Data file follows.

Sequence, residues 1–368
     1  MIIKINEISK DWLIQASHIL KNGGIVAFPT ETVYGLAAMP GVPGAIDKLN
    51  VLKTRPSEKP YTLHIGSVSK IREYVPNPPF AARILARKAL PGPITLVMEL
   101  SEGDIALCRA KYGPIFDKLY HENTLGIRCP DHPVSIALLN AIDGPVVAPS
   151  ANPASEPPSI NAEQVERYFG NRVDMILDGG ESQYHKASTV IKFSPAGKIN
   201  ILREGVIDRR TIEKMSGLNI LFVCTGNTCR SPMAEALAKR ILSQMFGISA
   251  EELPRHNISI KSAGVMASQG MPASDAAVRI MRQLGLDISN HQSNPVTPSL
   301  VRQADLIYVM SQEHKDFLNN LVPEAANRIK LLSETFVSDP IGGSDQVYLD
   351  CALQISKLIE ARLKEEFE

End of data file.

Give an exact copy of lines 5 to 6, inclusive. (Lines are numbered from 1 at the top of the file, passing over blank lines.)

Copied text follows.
   151  ANPASEPPSI NAEQVERYFG NRVDMILDGG ESQYHKASTV IKFSPAGKIN
   201  ILREGVIDRR TIEKMSGLNI LFVCTGNTCR SPMAEALAKR ILSQMFGISA